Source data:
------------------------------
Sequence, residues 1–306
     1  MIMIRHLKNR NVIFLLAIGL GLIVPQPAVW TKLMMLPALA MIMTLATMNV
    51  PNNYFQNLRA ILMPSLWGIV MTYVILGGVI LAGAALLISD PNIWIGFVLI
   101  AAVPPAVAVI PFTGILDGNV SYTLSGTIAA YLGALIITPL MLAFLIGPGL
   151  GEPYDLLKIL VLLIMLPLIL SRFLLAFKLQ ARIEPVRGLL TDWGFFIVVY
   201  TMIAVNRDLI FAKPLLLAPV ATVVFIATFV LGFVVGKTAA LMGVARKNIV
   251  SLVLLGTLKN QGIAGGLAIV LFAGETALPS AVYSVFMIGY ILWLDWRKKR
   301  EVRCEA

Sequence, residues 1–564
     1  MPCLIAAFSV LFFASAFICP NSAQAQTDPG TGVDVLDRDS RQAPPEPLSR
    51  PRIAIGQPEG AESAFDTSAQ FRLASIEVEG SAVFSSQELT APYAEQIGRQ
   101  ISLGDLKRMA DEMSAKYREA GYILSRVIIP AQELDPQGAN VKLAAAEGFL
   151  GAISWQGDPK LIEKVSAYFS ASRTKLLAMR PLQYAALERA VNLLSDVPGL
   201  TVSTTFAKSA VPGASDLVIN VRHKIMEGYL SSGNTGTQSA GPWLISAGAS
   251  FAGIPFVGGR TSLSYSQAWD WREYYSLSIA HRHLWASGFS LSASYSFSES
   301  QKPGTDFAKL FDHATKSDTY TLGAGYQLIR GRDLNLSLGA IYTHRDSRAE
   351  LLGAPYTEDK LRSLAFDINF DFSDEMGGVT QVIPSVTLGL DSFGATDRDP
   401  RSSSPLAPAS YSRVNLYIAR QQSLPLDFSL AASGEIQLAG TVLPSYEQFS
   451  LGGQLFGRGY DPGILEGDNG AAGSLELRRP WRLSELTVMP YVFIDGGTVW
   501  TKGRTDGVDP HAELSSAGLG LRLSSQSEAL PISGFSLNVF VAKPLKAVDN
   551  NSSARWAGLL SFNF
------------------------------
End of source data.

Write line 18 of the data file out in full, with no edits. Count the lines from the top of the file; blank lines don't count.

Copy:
   401  RSSSPLAPAS YSRVNLYIAR QQSLPLDFSL AASGEIQLAG TVLPSYEQFS